He agreed Powercor had an obligation to inspect and maintain its assets.
"In this trial we say that from a Powercor perspective, Powercor has discharged that duty," he said.
Mr Margetts said the question was whether Powercor had discharged its duty and exercised reasonable care.
He said there were risks in the supply of electricity that could not be completely eliminated and not all potential risks could be prevented or all risk removed.
Four main St Patrick's Day fires swept through Victoria's south-west on March 17 last year - at Gazette, Camperdown-Gnotuk, Terang-Cobden and The Sisters-Garvoc.
ESV completed a technical report which found that of the six fires that ignited that day from electrical assets, two should be pursued for legal investigation.
These two fires - Terang-Cobden and The Sisters-Garvoc - are now the subject of the charges brought against Powercor.
A further report into the safety of wooden power poles in the south west was released July 29.
The report found there was no immediate systematic issue with Powercor's inspection and maintenance regime.
A further report will be released in December following a review of the longer term sustainability of Powercor's regime.
"This action will provide an important test for the existing statutory safety scheme and future actions of this kind," Mr Fearon said.
A Powercor spokeswoman said: "We acknowledge ESV's action and will not be providing comments while legal proceedings are underway."
A St Patrick's Day fires victim is calling for sweeping changes to encourage power companies to improve safety.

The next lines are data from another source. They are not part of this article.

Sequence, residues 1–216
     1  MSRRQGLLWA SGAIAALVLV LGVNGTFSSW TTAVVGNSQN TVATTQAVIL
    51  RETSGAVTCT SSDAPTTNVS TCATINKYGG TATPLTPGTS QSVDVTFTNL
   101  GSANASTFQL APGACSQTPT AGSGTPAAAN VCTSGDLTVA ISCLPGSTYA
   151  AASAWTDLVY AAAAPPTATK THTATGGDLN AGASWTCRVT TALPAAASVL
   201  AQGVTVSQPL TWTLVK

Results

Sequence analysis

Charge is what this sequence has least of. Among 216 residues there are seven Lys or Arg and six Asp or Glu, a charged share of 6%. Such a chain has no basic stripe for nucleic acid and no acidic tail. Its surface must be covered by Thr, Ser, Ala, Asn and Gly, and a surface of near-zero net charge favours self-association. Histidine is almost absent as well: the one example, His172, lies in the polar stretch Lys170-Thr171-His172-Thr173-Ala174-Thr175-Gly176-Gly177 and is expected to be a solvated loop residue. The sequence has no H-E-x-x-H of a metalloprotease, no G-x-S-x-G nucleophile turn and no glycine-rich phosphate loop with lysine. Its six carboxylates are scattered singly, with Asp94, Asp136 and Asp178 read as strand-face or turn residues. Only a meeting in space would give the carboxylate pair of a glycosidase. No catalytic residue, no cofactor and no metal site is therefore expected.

The Sisters dairy farmer Jill Porter appealed for change after Energy Safe Victoria on Thursday announced it had charged Powercor with six offences over fires that started at Terang and The Sisters on St Patrick's Day last year.
The charges filed in Warrnambool Magistrates Court carry maximum penalties of $250,000 each - a potential $1.5 million. An independent review called for increased penalties in line with other similar regulatory bodies.
Maximum fines under WorkCover and the Environment Protection Authority are about $3 million.
Companies such as Powercor receive a payment for reducing the number of fires their assets start each year.
Mrs Porter said Powercor received $995,000 for 2017-18 despite its assets starting the devastating fires at The Sisters and Terang during that period.
She said, in effect, that payment would more than likely cover any fines Powercor received, if found guilty.
"There needs to be an incentive for distribution companies (to be safer)," she said.
"At present all costs are passed through to customers. So, not only did my community get burnt out causing irreparable damage, but we get to pay a second time for the fire."
Mrs Porter said Powercor had yet to admit liability.
Powercor declined to comment because the matter was now before the court.
Mrs Porter called on Energy Minister Lily D'Ambrosio to put in place meaningful financial penalties.